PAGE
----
Israel’s Shinui party–which was the third largest after the last election–is in crisis. Its leader, Yosef “Tommy” Lapid resigned yesterday. Ten other Shinui MKs formally resigned from the party. Lapid’s resignation followed the election of a slate of mostly new candidates to the party list, about which he said:
While it’s true they were elected democratically, I’m not required to run on a platform with candidates I do not believe in.
The National Religious Party’s leader Zevulun Orlev took credit for the party’s split and collapse in the polls.
The NRP torpedoed any attempts by Shinui to pass civil marriage in [Prime Minister Ariel] Sharon’s government.
Of course, the more important reason is that the party’s center position between Likud and Labor has been taken over by Kadima since Sharon split from the Likud.
Meanwhile, with Russian immigrants a large enough bloc of voters to swing up to 15 seats in the 120-seat Knesset, several parties are making an effort to appeal to this electorate by placing Russians in electable list ranks–annother example of parties using the ‘personal vote‘ of specific candidates as a way to attract votes even in a system where the only vote choice a voter gets is a party slate (and even in a very high-magnitude closed-list system).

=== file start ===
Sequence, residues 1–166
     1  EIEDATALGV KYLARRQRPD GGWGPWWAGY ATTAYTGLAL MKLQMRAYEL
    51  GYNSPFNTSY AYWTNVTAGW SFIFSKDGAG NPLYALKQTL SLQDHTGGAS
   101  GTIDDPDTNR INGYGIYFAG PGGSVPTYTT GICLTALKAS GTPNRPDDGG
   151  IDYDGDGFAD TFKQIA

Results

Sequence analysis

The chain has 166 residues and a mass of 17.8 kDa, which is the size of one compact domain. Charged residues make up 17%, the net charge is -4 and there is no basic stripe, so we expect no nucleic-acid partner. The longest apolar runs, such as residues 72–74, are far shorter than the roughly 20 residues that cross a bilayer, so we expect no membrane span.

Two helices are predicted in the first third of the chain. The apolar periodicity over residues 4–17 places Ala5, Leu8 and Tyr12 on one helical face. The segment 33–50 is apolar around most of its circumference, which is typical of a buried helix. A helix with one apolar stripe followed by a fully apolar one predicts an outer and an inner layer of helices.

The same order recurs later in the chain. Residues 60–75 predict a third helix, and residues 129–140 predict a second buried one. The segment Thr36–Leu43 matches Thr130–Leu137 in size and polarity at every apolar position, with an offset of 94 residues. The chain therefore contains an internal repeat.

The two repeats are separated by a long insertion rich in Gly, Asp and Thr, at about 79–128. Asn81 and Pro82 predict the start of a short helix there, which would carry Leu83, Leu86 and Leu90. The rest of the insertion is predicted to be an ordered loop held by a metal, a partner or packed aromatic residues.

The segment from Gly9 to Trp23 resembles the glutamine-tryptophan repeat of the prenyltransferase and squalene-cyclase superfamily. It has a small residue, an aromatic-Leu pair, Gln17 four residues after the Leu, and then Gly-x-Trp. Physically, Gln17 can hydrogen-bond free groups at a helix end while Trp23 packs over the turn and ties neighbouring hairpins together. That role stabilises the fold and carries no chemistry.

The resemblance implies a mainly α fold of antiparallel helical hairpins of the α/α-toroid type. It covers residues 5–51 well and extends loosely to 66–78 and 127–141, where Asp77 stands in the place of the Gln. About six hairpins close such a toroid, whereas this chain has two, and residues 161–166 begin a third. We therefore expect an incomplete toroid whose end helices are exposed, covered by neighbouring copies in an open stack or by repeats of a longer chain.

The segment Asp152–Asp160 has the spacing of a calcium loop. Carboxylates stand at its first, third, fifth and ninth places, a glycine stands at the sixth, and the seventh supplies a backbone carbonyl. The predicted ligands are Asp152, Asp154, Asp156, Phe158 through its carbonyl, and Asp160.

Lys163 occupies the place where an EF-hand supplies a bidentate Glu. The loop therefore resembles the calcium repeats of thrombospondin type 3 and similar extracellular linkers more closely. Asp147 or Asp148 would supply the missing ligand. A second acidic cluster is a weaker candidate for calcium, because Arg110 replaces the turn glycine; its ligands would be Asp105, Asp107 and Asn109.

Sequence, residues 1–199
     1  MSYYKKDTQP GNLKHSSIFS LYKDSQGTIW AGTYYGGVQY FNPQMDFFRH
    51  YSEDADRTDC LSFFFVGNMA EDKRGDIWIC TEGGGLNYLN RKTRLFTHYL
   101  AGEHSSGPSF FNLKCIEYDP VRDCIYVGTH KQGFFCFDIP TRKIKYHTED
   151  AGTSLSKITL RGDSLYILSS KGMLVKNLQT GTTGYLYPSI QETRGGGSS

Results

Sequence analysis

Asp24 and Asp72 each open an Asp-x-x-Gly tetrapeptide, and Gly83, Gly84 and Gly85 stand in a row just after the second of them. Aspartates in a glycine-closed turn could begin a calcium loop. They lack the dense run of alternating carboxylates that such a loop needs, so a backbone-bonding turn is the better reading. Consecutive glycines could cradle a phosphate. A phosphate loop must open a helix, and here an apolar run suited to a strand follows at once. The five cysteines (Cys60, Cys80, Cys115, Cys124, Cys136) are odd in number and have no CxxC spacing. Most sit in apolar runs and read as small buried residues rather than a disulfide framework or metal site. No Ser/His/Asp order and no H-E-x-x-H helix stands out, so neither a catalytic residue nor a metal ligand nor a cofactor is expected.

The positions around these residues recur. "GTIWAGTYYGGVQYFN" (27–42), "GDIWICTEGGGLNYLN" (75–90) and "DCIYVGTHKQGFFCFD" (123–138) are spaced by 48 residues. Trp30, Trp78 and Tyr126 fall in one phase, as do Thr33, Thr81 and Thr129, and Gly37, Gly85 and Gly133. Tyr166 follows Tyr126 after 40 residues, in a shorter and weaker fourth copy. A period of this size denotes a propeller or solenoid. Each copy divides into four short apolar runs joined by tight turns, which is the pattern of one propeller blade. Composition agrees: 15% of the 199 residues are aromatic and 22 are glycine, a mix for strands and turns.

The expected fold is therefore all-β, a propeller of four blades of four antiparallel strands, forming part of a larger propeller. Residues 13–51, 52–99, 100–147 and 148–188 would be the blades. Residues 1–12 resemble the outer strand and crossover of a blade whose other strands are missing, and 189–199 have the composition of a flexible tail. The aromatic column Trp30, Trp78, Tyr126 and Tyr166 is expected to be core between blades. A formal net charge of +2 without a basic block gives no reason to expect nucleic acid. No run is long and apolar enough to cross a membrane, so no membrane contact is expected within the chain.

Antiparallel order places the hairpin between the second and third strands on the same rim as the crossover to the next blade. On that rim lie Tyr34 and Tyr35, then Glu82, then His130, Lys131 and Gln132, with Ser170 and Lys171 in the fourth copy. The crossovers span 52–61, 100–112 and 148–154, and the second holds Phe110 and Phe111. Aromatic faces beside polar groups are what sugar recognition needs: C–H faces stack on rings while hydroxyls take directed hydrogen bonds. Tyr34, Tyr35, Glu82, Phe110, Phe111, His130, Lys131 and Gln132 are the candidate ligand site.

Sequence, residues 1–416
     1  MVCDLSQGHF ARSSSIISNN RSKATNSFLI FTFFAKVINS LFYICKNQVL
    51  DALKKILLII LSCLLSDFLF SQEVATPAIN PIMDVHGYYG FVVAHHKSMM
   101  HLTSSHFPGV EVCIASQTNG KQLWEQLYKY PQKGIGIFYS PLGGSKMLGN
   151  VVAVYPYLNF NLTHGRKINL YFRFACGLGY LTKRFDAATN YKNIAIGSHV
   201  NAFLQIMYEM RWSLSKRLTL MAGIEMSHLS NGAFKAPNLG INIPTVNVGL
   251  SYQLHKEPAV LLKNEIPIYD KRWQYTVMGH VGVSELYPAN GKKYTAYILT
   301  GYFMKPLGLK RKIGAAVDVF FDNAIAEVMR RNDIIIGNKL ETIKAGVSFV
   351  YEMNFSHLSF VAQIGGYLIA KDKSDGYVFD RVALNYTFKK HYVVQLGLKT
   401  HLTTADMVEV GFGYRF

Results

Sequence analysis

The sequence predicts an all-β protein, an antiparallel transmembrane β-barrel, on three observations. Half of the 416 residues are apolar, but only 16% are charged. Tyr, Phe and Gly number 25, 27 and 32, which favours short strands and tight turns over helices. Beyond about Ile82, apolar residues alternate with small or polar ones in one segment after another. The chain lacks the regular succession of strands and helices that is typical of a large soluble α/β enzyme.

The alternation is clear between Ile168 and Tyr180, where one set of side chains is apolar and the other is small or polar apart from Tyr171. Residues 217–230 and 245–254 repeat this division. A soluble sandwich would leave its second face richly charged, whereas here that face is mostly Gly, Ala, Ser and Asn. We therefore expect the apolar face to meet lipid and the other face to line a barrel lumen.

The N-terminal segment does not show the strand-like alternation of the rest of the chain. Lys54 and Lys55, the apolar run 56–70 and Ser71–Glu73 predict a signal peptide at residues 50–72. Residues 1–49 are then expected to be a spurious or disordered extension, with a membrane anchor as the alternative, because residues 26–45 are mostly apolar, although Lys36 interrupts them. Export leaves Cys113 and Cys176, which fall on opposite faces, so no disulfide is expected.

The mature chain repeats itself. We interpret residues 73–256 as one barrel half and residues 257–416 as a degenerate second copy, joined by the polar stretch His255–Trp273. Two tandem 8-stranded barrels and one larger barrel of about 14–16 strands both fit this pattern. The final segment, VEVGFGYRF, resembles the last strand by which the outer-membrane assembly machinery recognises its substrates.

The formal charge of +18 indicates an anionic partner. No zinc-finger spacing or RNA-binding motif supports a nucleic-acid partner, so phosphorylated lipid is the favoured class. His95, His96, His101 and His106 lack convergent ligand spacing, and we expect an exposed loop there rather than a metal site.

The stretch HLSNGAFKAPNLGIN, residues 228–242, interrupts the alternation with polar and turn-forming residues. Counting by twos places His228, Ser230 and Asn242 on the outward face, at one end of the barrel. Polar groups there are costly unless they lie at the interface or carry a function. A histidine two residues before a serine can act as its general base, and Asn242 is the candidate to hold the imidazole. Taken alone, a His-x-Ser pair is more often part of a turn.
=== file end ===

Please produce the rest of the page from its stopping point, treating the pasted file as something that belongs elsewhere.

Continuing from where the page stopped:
the Likud is banking on having two well-known Russian candidates in realistic spots on the party list: Natan Sharansky at number 10 and Yuli Edelstein at number 15.
Kadima is also likely to have several candidates from the XSSR in “realistic” list positions.
Before Sharon’s stroke, up to a third of the Russian vote was likely to go to Kadima, but now many of these same voters are believed to be leaning back towards Likud. And Avigdor Lieberman’s sectarian Israel Beitenu party may coninue to draw a large chunk of the Russian immigrant vote.